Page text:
The number of people diagnosed with cancer in Suffolk County held relatively stable between 1994 and 2008, but far fewer people are now dying of the disease, according to a study released on Monday.
The American Cancer Society’s first-ever Cancer Burden in New York State report also found that cancer rates upstate are "generally higher" than those found downstate, with smoking a major factor in the difference.
“Our analysis shows a ‘tale of two states,’” said Blair Horner, vice president for advocacy at the American Cancer Society of New York and New Jersey.
“Upstaters face higher cancer rates than downstaters, which is largely attributable to a significant difference in lung cancer prevalence."
Overall one in two men and one in three women in New York will be diagnosed with cancer in their lifetimes, according to the report.
In Suffolk County, each week, 161 people are diagnosed with cancer and 54 people die from the disease, the report said. The annual incidence rate of cancer in Suffolk dropped slightly, by 0.4 percent, from 526.6 cases per 100,000 people per year in 1994-98 to 524.5 cases for 2004-08.
The annual mortality rate, however, has decreased by 20.6 percent during the same period from 223.8 deaths per 100,000 people per year to 177.6 deaths.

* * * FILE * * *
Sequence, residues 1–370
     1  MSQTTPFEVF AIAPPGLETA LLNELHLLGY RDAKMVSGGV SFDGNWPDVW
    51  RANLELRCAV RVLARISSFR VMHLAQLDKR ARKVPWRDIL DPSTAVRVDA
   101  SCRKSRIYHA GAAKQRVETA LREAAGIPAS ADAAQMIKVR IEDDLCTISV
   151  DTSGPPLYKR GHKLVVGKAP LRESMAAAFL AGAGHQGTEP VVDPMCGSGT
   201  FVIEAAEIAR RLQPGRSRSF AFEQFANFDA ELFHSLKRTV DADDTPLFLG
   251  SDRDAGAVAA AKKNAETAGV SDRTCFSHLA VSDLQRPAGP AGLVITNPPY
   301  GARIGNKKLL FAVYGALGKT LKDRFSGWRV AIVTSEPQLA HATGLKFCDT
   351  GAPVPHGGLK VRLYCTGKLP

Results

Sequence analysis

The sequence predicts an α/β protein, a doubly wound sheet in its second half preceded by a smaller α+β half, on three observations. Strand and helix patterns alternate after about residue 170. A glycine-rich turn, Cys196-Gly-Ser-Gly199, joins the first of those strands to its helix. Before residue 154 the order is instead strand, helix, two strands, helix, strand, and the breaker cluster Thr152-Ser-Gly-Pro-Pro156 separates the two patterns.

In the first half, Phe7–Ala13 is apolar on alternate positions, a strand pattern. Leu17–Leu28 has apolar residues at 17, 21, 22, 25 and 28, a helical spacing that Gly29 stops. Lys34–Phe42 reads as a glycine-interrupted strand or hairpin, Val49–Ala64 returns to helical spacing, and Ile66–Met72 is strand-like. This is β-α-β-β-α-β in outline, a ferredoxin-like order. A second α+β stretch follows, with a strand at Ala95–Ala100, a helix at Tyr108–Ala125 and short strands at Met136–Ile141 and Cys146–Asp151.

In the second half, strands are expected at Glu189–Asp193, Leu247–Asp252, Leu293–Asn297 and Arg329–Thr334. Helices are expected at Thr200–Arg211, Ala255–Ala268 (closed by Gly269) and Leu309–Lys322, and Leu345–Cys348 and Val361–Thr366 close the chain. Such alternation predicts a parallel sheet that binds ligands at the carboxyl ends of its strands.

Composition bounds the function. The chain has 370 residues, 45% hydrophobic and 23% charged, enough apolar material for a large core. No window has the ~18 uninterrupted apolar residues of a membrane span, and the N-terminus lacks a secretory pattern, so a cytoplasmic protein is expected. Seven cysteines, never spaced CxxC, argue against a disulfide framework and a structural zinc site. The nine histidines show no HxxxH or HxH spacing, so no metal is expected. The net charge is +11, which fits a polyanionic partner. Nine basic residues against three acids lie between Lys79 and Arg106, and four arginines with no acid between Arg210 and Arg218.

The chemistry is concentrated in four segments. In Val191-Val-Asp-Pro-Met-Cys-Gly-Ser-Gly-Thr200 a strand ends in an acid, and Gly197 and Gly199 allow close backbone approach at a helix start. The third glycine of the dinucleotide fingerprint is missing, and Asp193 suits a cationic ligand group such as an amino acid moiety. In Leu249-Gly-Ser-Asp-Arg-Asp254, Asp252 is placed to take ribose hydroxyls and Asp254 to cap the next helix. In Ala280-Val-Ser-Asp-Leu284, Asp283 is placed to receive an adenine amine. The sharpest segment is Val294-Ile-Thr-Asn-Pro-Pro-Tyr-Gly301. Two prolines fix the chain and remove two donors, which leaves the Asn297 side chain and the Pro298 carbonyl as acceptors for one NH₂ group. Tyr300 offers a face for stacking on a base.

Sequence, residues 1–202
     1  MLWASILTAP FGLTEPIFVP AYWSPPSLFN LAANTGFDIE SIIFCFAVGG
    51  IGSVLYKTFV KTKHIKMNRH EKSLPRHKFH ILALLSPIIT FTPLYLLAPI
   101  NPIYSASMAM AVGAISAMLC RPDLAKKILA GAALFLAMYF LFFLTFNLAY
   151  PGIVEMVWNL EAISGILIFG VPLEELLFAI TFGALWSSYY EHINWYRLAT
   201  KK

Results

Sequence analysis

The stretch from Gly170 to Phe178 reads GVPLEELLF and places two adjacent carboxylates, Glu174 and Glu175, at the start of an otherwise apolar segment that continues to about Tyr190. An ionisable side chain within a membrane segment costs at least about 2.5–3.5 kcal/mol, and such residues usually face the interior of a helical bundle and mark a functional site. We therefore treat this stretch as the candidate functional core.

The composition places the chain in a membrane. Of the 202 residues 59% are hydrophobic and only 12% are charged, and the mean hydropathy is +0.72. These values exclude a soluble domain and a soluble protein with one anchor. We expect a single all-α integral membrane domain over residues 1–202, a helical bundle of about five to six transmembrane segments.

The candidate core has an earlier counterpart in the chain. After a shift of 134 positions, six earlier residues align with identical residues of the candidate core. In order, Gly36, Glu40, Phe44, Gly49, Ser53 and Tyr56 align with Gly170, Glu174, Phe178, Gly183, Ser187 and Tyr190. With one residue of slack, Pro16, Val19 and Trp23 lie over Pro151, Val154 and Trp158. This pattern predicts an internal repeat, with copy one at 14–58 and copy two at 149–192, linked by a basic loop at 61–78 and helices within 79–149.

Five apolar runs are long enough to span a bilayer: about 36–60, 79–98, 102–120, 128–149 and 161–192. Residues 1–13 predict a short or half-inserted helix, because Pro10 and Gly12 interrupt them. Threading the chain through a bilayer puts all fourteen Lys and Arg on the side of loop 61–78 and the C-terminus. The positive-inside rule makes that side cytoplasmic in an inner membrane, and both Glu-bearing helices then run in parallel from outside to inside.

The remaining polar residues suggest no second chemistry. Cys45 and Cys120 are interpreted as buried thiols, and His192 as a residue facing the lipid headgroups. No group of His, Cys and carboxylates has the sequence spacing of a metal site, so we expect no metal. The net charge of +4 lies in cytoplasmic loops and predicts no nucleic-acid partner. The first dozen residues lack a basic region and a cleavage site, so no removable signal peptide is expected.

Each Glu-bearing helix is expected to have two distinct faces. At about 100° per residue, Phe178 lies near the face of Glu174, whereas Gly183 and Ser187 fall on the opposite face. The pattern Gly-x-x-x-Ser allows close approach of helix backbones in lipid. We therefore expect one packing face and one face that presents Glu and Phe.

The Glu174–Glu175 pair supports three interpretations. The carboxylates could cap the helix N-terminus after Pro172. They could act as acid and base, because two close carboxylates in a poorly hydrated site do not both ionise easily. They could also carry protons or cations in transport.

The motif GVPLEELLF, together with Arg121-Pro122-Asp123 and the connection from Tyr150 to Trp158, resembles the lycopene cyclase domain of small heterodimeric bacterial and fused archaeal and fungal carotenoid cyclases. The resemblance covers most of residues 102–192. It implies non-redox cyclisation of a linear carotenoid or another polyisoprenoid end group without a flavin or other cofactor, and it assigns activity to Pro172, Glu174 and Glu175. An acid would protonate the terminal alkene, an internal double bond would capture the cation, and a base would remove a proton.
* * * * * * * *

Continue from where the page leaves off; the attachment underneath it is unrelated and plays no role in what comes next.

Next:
Prostate cancer is New York’s most common cancer, the report said, but lung cancer is its biggest killer, with nearly 9,000 fatalities a year. Along with breast and colorectal, those four cancers account for more than half of all cancer diagnoses and nearly half of all cancer deaths.
In Suffolk lung cancer accounts for 13.6 percent of all cancer cases and 27.6 percent of all cancer deaths.
"This disproportionate mortality highlights the crucial need for prevention and cessation of tobacco use," the report read.
Suffolk's cancer rates are well below those in many upstate counties, but overall incidences of cancer are eight percent higher in Suffolk compared to the state average. The number of people dying of cancer upstate, however, is dramatically higher, and the report credits anti-smoking policies with preventing deaths downstate.
"The City of New York, [and some of its suburban neighbors], has a long history of aggressively implementing policies to curb tobacco use," the report read.
In Suffolk smoking is now banned at county parks and beaches and several have instituted similar measures.
Although fewer people are dying of cancer, the reports warned, "No county should feel complacent."
"Cancer still impacts too many New Yorkers, and many cancer deaths are avoidable," it said. "Every county experiences cancer incidence and mortality rates that are too high."
To remedy that the American Cancer Society recommends the state reverse the decline in funding to the New York State Tobacco Control Program, which has seen its budget slashed by more than half during the past five years.
Assemblyman Dan Losquadro, R-Riverhead, told Patch that the state budget for tobacco control, down from $85.5 million in 2007 to $41.4 million this year, was cut in part due to the state's fiscal crisis.
Losquadro, however, called the reduced funding "short-sighted."
"This is an area I think you spend a little to save a lot," he said. "It is an investment in keeping health costs down for smoking related-diseases, including cancer."
The American Cancer Society report also recommends restricting the sale of flavored tobacco products to stores not accessible by minors, as well as banning minors from using indoor tanning facilities.
To read the full report click on the attached PDF file.